Japan’s government is seeking various strategies to revive its domestic semiconductor industry – which used to be at the top of the global market. Japanese chipmakers held over 50% of the global market share in 1988, but it has been on a downhill slide since then. By 2010, Japan only held a 10% share of the world market. In an initiative to re-energize the semiconductor sector, Japan is planning to set up a research project with the help of the global market leader Taiwan Semiconductor Manufacturing Company (TSMC).
The country aims to boost its competitiveness in the sector amidst a global semiconductor shortage. Semiconductors are crucial in producing many modern devices and equipment, including smartphones, game consoles, and even automobiles. The increased demand for home electronics during this pandemic has contributed to the supply problems.
Automotive and industrial consulting firm AlixPartners estimates that the current shortage will cost the global automotive industry $110 billion in revenue losses annually. The firm forecasts a reduction in automobile production at around 3.9 million in 2021 due to this shortage.
Japan-TSMC Semiconductor research collaboration
The Japanese government has approved the $338m semiconductor research project to develop the latest semiconductor technology in the country. According to the Ministry of Economy, Trade, and Industry (METI), the government will be shouldering more than 50% of the project’s cost.
About 20 Japanese firms will be working with TSMC on the research project. It will focus on the technology used for 3D chip assembly. This technology enables manufacturers to produce higher-density components that are still small in size.
The participating Japanese companies will include electronic components manufacturer Ibiden Co. and chemicals firms Asahi Kasei, Mitsui Chemicals, and Sumitomo Chemical.
As part of the agreement, Japan will construct research facilities at the National Institute of Advanced Industrial Science and Technology in Tsukuba. The group is scheduled to begin conducting research by 2022.
TSMC explained in a statement to Reuters that the planned facilities “aim to leverage more expertise in the field of materials to bring value to the industry.” The company also said, “We appreciate the support from Japan’s government for us to drive semiconductor technology advancement together with TSMC’s partners in Japan.”
TSMC to build a plant in Japan?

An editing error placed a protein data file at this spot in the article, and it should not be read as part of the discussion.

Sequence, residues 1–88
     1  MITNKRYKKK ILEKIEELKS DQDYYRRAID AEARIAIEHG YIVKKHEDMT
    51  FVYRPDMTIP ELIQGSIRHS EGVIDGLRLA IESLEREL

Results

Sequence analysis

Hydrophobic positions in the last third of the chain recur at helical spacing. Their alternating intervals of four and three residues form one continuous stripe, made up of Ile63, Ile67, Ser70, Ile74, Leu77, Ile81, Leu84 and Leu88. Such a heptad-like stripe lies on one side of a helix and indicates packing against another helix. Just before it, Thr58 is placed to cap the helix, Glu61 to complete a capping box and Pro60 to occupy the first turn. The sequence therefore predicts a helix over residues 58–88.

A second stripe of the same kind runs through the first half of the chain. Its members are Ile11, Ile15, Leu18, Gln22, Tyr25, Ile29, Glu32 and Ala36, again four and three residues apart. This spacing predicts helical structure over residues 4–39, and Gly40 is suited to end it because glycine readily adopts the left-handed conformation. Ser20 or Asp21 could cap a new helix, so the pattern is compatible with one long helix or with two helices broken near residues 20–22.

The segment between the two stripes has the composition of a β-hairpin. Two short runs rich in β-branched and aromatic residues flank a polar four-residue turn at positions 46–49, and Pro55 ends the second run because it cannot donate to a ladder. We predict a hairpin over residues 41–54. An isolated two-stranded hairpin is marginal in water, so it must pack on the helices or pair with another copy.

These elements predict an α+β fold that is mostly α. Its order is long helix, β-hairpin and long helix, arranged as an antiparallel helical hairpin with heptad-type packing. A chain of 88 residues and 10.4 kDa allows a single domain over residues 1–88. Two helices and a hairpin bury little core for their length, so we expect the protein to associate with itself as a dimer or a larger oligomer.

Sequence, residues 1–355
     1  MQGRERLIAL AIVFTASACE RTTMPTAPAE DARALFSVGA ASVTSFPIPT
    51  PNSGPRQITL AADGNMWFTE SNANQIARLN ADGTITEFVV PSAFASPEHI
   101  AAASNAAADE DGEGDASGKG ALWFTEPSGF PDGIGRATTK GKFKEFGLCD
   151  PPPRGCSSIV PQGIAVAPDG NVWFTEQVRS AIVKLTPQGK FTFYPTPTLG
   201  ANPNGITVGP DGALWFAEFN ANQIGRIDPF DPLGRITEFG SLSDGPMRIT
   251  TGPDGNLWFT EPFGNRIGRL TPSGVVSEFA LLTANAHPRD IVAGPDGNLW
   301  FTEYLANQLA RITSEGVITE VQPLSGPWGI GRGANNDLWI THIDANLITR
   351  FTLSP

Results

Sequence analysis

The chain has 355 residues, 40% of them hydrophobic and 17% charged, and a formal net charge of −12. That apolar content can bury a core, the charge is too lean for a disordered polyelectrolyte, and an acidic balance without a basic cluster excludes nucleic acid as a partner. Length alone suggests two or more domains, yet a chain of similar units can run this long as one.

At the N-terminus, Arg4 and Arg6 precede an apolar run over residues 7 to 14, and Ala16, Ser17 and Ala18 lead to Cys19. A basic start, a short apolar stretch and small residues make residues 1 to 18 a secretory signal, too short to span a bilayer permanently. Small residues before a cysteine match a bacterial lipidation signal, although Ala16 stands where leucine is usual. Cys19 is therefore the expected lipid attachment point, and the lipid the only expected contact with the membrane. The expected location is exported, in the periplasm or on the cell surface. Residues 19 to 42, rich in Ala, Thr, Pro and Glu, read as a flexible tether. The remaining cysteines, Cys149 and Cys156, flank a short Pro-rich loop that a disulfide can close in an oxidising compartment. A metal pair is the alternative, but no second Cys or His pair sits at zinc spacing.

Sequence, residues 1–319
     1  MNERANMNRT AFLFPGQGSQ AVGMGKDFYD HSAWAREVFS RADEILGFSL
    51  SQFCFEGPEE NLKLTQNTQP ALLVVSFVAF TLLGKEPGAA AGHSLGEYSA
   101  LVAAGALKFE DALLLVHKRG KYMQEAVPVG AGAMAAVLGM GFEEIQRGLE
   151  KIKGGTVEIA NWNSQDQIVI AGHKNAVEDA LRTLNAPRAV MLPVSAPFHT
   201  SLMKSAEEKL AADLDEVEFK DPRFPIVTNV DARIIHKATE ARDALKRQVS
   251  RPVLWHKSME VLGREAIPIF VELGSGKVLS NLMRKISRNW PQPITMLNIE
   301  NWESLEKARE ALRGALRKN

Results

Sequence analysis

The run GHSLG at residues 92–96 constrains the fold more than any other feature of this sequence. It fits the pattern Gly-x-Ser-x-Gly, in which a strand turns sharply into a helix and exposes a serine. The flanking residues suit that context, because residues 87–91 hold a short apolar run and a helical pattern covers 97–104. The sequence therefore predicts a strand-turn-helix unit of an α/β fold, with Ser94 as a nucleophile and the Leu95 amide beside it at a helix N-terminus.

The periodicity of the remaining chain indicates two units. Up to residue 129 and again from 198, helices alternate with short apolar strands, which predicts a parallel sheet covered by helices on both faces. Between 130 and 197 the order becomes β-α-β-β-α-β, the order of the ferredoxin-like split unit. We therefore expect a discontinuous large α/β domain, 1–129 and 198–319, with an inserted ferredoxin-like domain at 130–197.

The Taiwanese tech firm holds over half of the global semiconductor foundry market in 2020. The increased demand from the shortage has forced TSMC to hit record levels of capital expenditure and operate its factories beyond capacity to meet this demand. The company is the supplier of almost all major global chip developers, such as Nvidia, Qualcomm, and Apple.
Following the announcement of the research partnership, reports were made regarding TSMC’s plan to open a manufacturing facility in Japan’s Kumamoto Prefecture. If this holds, the plant would be located near an existing factory of Sony, a key supplier of TSMC.
The facility is expected to be a 12-inch wafer factory that is capable of switching between different process technologies, including 28-nanometer and 16-nanometer lithography processes. However, TSMC did not comment on the said plan yet.
Aside from Japan, the US has also asked TSMC to increase its presence in the country. As a result, the Taiwanese firm said earlier this year that it would build five additional chip plants in Arizona aside from the $12bn factory it announced last year.
Revitalizing the semiconductor industry in Japan
The economy and industry ministry has also unveiled its blueprint to revitalize Japan’s semiconductor industry. Through this initiative, the ministry plans to promote domestic production, boost spending, and match subsidy levels for the chip sector, provided by foreign governments. The ruling Liberal Democratic Party and some government officials are said to be building new funding worth tens of billions of dollars for this purpose.
The ongoing tension between the US and China is associated with supply chain risks, especially with most of the chip production concentrated in Taiwan. The Japanese government wants to seek cooperation with foreign companies instead of relying mainly on the initiatives of Japanese firms.
METI will be in charge of searching for overseas companies that could be potential partners in this strategy. Japan will also try to convince other nations and regions with similar values to relocate their supply chains to the country as a national security measure.
Japan winning amidst the chip shortage
While the semiconductor shortage has been a threat to most firms worldwide, some Japanese chip suppliers are still thriving. Kyoto-based Towa, a manufacturer of semiconductor molding machines, reported that 87% of its revenues came from semiconductor manufacturing for the fiscal year 2020. In addition, the company has raised its profit forecast for the year and its shares went up by 78% in 2020.
Lasertec Corp., which develops tools for inspecting and measuring semiconductor photomasks, posted record profits and orders in the first half of 2021. The company’s shares rose by 118% during the period. Lasertec also raised its full-year operating profit forecast.
Lastly, Advantest Corp. that manufactures semiconductor testing devices and electronic measuring instruments, reported that 70% of its revenue in 2020 came from its semiconductor segment. Additionally, its shares also increased by 25% during the period.